It looked quite impressive as it got closer and mocked my wide angle 18mm frame with it's size, Declan and I were busy shooting this before the precip arrived and the photo opportunity was lost. The precip core to the L became very well defined and heavy. I got a text from Conor reporting thunder from Draperstown, in all likely hood the rumble he got probably came from this line as Conor was located further W in that direction. The mountain in the distance is Slieve Gallion, we where positioned to the S and E of it - exactly where we saw the stronger convection earlier from Maghera so we had made a good move by coming here. The line passed over us with it's S side crossing the Lough, it was then that it sparked up and produced a few quality rumbles of thunder of very long duration which seemed to echo across the water, no doubt the long thunder was caused by several c-gs firing one after the other although we couldn't see the bolts. The back of the precip core looked quite a sight as it lazily crossed the water sporting the typical dark blue colour of a thundery sky, it rumbled several times again as it made land fall further to the E in the Antrim area. This was storm number two.
After the storm passed through new convection arrived and bubbled into life rather quickly. This dark updraught base got our attention which was quite solid and low to the ground and since it was at an inflow-based stage of it's life we reckoned there could have been a chance of a funnel before precip broke out and swamped the inflow. This is looking W as it moved slowly from L to R across these fields.
Then this lowering of scud suddenly formed below the updraught base and put on quite a show as it began to rotate while performing very rapid vertical lifting motion as it curled in an endless dance for a long time as it tried to wrap up, it was doing a stunning job of it too, so much so that both of us began shooting with the cameras as we expected a funnel to form at any moment, however that moment never came so it teased us before finally giving up the ghost.
It was obvious the trough was bringing the showers to life over a wide area at a rapid pace so we were eager to find out what else was going so Declan checked his laptop, unfortunately there was no signal in this area so we decided to drive for a bit until we got one. We found a signal further N then pulled into the car park at the Battery Harbor to study the latest on the net. Our storm over the Lough at red and white radar echoes and looked healthy, further to our SW new cells where moving NE so we decided to hang about to see if they came to anything. Then we heard loud thunder rumbling in the distance, again it was the high quality long duration rumbles which didn't want to stop, then another, and another, those where the radar echoes we saw to the SW and they sure sounded like active storms so we hit the road again and drove back S to the Cross again on the Lough shore. The visual scene in that direction was not impressive, just a mass of grey cloud and a large precip core, the actual storm (s) must have been behind it on the other side so our few was blocked by a slow moving messy shower, if we wanted to get to the storm we would have had to drive a considerable distance S, they where likely in the Dunganon area and crossing over the SW portion of the Lough so we decided not to chase this one since it was already crossing water so we just watched and enjoyed the thunder booming in the distance, that was storm number three. We could hardly complain though, we had heard 14 rumbles of thunder from three different cells so it was a success.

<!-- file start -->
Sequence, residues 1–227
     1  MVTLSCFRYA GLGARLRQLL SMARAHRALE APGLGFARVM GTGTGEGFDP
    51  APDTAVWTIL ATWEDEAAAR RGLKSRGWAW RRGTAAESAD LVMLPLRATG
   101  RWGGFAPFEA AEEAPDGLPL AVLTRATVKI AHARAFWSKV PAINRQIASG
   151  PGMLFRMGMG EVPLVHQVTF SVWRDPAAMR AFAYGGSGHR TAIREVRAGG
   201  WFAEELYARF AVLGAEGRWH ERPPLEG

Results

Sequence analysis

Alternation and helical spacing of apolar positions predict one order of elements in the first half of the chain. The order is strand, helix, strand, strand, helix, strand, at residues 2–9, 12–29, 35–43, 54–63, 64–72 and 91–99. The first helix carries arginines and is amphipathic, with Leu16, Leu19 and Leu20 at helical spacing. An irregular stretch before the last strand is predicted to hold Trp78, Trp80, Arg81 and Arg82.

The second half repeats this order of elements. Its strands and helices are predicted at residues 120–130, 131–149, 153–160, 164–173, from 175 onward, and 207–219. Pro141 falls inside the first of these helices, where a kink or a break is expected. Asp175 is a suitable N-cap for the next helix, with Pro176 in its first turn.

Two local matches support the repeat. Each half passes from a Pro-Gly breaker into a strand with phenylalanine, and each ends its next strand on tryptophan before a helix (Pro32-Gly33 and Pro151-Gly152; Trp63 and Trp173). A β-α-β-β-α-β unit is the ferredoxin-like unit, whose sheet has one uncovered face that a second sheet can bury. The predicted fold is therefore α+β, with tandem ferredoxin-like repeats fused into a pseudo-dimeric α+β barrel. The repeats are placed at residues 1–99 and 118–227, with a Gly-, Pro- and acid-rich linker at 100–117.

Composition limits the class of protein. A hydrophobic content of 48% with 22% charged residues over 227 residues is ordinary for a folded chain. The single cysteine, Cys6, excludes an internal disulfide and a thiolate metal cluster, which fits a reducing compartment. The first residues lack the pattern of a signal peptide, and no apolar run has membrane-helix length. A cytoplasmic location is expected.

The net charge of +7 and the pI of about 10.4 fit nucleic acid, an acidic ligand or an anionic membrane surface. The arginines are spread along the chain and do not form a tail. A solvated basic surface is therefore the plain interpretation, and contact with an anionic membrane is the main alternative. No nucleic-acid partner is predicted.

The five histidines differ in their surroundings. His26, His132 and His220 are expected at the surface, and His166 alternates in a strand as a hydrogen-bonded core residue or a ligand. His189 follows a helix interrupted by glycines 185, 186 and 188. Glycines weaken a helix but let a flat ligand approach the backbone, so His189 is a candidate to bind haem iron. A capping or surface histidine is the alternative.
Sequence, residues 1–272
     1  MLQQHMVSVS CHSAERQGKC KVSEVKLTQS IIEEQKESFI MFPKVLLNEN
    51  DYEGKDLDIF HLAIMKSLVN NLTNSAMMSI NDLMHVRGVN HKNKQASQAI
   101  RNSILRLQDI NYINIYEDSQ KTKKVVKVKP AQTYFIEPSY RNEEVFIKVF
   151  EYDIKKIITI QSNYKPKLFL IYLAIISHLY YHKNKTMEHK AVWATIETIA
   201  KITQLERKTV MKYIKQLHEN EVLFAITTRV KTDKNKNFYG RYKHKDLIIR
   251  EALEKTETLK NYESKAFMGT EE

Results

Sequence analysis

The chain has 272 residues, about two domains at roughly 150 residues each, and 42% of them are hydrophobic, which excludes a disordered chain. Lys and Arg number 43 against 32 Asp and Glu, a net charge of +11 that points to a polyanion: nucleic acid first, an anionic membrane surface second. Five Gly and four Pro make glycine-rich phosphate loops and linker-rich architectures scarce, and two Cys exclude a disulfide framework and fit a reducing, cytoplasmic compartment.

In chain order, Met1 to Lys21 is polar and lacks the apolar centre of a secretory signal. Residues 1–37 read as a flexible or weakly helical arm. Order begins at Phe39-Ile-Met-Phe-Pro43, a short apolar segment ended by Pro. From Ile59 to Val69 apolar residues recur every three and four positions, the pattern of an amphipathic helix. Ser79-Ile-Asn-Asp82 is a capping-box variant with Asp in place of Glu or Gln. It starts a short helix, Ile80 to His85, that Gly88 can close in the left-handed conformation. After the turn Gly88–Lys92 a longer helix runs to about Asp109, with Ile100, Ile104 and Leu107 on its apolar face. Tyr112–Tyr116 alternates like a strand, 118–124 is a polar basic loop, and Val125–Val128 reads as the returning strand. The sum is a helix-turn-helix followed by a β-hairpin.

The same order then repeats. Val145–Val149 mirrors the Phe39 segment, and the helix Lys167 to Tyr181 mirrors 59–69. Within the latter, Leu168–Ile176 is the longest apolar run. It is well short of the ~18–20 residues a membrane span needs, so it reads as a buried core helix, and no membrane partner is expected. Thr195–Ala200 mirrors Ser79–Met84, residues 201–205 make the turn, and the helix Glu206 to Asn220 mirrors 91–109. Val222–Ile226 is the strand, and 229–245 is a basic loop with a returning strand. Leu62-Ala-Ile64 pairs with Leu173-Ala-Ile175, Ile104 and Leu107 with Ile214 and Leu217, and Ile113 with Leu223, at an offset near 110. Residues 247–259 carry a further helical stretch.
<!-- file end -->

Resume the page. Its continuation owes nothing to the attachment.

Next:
A clearance arrived and a new cell appeared, it looked the part, solid, black, large, with a well defined precip region so this became our final target of the day, instead of waiting for it to come to us we decided to give chase and intercept the cell head-on. As we drove through the country roads we saw a defined solid updraught base well separated from the precip core which was a surprise considering the lack of shear, a large lowering of dark cloud formed under the updraught and it was game on. Just as we where advancing our chase came a to halt when this herd of Cows moved across the road from a field to the R, it seemed there was no end to the amount of Cows that walked onto the road so we where struck here while or cell and lowering did whatever it was doing behind the trees to the L where our view was blocked. After what seemed like forever we got on the move again and pulled up on the side of road and watched the base, by then it looked cold and lifeless with slow moving scud hanging below, we took images anyway and once the precip hit we decided to call it a day, it was obvious the trough had already passed through and was further E so we began the drive home.
On the way back we spotted a huge line of storm cells taking up a large chunk of the N horizon, they looked like a massive white wall of convection with calvus tops and anvils, we where tempted to give chase but it soon became apparent that they where further away than we thought, as it turned out these where storms over the N coast in the Coleraine/Portrush area and we could see them all the way from S of Maghera!, looking back on this I wish I had a taken a few snaps out the window as they where rather impressive. It was a fun day with enough convective activity to make us satisfied, the only thing lacking was storm organisation and impressive structure, on the plus side we probably heard more thunder this day than we had all year, that's what the 2010 season has been like. A quick look at the charts when I got home revealed a fairly active day across central and E N. Ireland with plenty of sferics and thunderstorms and by good fortune we where positioned within or in proximity to one of those main areas. Thanks for reading.